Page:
For Your Anti Antibiotic Consideration

The overuse and over-prescription of Antibiotics has been receiving a lot of attention in recent news, and for good reason. The practice is expensive, wasteful and dangerous. As these colder days are known to bring on seasonal illnesses, this month we are going to address the pros and cons of antibiotic use and other treatment options for your little one and yourself!

We all remember the old days. You’d have a bit of lung congestion or a ringing in your ear, go to the doctor, and bam! You had painkillers in one hand and a prescription for a Z-Pack in the other. We didn’t think twice about it. You had an infection, you took an antibiotic, done. Medical research and recent developments suggest, however, that this is not only unnecessary, but could actually be causing more harm than good.

You’ve probably already heard that you can build immunities to antibiotics, rendering them less effective over time and when you need them most. What you may not know, however, is that antibiotic use can actually produce resistant and aggressive bacteria that can then be passed on to others. The amount of antibiotic-resistant bacterial infections has increased dramatically in recent years, sending researchers scrambling to form newer, bigger, and better drugs. This, however, may only serve to exacerbate the problem.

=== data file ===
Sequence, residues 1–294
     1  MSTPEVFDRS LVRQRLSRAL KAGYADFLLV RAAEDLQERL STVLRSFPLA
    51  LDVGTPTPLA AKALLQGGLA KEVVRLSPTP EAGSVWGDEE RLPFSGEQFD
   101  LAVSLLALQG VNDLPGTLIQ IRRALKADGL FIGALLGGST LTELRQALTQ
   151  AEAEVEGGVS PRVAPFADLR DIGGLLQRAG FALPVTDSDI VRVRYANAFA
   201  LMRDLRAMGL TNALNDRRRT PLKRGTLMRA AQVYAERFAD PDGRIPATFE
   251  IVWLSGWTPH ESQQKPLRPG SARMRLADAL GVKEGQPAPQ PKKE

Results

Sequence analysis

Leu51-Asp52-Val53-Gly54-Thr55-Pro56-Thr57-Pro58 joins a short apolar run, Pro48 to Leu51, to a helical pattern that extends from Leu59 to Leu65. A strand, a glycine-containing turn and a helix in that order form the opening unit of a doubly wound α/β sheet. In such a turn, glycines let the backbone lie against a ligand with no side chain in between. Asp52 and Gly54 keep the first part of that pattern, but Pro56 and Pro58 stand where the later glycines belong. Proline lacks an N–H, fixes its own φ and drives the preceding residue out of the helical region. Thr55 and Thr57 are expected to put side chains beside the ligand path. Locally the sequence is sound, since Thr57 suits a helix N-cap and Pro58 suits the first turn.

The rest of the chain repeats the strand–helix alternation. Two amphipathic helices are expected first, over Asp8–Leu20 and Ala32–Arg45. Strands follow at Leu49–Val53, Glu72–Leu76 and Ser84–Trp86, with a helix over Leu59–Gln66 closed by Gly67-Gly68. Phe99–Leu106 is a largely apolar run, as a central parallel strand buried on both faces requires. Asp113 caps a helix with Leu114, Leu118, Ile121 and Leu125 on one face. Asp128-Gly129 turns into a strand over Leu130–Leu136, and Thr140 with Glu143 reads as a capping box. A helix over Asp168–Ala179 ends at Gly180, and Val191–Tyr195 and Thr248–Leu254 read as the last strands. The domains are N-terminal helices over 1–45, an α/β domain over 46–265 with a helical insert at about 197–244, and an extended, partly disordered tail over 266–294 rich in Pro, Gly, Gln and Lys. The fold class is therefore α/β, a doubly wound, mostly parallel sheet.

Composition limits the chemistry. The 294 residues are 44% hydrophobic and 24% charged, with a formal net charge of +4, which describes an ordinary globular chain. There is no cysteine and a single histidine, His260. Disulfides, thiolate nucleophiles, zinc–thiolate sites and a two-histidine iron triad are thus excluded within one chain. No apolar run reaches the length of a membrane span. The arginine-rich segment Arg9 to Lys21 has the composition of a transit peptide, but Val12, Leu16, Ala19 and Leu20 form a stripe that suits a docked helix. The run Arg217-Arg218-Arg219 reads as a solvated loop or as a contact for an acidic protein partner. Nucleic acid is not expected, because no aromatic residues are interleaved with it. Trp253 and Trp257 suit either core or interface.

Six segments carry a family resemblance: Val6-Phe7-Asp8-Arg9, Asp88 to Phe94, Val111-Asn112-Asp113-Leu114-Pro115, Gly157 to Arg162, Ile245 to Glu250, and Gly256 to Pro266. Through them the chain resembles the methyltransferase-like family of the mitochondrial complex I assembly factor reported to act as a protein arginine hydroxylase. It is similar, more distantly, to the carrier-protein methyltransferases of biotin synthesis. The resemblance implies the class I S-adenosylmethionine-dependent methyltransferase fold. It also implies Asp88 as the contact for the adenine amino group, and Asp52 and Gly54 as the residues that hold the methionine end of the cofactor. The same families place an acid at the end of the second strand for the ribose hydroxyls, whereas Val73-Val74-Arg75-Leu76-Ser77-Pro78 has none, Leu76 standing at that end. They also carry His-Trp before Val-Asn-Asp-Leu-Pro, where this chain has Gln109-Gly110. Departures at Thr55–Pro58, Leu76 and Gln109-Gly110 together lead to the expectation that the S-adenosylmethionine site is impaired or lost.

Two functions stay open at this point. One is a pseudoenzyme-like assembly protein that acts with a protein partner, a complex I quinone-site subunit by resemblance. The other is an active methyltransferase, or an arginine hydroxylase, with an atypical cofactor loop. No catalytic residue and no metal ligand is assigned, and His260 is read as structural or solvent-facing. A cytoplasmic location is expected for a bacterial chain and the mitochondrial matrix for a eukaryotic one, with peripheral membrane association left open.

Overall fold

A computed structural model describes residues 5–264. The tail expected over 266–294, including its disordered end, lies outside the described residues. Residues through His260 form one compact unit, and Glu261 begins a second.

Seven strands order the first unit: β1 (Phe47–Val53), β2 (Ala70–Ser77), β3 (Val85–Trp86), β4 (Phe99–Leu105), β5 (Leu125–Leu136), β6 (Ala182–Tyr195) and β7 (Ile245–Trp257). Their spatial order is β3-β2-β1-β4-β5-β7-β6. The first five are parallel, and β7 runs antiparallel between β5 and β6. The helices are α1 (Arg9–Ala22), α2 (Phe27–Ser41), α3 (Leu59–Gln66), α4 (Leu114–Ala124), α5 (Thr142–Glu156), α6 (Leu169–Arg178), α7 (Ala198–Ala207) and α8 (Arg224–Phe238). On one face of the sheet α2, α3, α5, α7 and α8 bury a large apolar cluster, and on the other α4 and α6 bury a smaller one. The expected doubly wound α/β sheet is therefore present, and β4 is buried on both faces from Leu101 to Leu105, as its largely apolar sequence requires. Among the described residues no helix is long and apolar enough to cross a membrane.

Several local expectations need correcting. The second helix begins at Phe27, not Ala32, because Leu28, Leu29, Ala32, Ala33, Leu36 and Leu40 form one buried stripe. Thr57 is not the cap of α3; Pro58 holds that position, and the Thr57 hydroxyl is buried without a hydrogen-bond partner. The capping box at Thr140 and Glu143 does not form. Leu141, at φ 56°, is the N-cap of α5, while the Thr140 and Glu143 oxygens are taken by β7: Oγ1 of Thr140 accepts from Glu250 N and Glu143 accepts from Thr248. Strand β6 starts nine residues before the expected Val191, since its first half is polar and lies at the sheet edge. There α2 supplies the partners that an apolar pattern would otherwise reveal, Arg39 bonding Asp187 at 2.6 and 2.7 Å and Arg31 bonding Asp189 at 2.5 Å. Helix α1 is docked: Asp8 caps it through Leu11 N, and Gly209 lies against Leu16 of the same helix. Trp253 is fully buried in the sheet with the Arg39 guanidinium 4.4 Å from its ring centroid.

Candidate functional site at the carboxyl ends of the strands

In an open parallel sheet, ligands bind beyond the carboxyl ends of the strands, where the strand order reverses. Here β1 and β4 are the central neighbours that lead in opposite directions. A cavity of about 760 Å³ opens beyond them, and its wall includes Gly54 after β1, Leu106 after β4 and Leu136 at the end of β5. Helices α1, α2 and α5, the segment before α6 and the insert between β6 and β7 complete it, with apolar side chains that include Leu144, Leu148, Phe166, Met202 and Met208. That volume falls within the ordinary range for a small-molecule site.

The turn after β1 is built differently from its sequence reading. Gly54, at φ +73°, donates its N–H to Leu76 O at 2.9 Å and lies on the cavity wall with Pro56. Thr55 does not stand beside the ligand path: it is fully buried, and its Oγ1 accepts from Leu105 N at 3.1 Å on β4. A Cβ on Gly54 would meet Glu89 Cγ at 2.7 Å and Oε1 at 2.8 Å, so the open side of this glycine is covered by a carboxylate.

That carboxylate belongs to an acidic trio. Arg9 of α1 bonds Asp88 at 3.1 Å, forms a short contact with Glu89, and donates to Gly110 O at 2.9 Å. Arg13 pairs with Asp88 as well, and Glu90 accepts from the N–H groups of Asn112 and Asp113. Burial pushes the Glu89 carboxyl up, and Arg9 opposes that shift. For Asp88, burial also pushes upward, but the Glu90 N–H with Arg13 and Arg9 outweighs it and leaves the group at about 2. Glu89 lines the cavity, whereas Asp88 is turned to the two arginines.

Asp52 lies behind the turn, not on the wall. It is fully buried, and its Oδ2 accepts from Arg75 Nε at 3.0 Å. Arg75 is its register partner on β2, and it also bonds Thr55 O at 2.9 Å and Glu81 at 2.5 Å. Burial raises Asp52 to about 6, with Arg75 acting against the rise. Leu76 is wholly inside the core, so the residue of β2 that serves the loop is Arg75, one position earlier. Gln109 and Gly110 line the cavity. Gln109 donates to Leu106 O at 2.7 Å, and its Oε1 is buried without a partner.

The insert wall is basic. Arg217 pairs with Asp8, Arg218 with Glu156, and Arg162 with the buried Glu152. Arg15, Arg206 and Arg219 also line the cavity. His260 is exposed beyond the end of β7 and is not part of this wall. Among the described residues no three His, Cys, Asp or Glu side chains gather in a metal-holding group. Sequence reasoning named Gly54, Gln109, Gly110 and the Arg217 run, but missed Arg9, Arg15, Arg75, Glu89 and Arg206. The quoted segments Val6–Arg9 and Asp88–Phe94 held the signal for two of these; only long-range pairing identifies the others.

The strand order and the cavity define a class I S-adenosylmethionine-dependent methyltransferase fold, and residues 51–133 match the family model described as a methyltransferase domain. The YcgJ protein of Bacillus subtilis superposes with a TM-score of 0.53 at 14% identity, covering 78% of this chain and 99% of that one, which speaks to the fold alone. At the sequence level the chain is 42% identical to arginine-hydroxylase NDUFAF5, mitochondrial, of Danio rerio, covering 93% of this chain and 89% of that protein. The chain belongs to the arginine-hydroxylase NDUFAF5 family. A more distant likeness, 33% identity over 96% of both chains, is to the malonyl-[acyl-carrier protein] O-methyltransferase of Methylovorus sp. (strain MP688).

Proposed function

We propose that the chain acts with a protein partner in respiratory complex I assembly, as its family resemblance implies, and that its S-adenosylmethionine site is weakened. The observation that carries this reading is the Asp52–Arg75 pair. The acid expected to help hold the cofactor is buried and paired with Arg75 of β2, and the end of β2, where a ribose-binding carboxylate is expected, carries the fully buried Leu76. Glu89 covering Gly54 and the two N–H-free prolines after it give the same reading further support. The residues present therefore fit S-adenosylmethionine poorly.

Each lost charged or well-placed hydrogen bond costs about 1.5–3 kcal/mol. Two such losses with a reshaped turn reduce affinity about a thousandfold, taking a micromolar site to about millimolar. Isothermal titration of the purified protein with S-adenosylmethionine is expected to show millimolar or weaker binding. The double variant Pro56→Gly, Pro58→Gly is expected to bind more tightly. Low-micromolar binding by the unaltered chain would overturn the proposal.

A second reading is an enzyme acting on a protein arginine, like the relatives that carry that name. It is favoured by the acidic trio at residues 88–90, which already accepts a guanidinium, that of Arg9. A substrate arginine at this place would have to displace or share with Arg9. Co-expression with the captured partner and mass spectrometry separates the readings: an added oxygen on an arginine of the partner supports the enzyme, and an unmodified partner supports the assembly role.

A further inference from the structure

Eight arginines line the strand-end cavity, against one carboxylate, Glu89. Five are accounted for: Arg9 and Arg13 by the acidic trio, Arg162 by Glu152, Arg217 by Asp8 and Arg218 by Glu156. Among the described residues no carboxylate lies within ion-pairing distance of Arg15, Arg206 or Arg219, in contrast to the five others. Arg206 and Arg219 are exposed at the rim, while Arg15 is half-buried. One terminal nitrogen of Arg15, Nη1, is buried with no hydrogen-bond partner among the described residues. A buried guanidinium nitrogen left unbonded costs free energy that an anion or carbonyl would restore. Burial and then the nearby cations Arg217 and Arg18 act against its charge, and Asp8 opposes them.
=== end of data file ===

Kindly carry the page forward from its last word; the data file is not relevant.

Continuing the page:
We have to reduce our dependency on antibiotics. The good news is most illnesses for which antibiotics are prescribed don’t actually necessitate them at all. Antibiotics have absolutely no effect on colds, one of the health issues for which they are most commonly mis-distributed. Even if there is nasal discharge, and yes, even if it’s green, that is not necessarily indicative of sinusitis, and may not require an antibiotic. Neither does the flu, unless there are other complications, and that goes for ear infections and lingering coughs as well.

The general attitude surrounding illness and antibiotics needs to change, and the change is this: rather than defaulting to antibiotics as we have done in the past, we need to begin asking ourselves, “What are the other options available?” Because, chances are, there are many. Antibiotics can no longer be seen as a harmless quick fix, because they are anything but. To avoid additional health complications, they must be regarded as a last resort. When you bring your child in for treatment at Tribeca Pediatrics, or any other clinic for that matter, feel free to ask as many questions as you wish about treatment options and antibiotic use. And trust your gut. If you ever feel unnecessarily pressured to give your child antibiotics, it may be time to find another health provider.

And lastly, here’s another tip on how to prevent creating more pesky, resistant bacteria: avoid eating meat containing antibiotics. Over 80% of all antibiotics purchased in the U.S. are given to livestock, and that means they are present in the meat you buy in stores and restaurants. Though this is not a 100% guarantee, buying certified organic, American grass-fed certified, or certified humane meat and dairy products should reduce your antibiotic intake as well.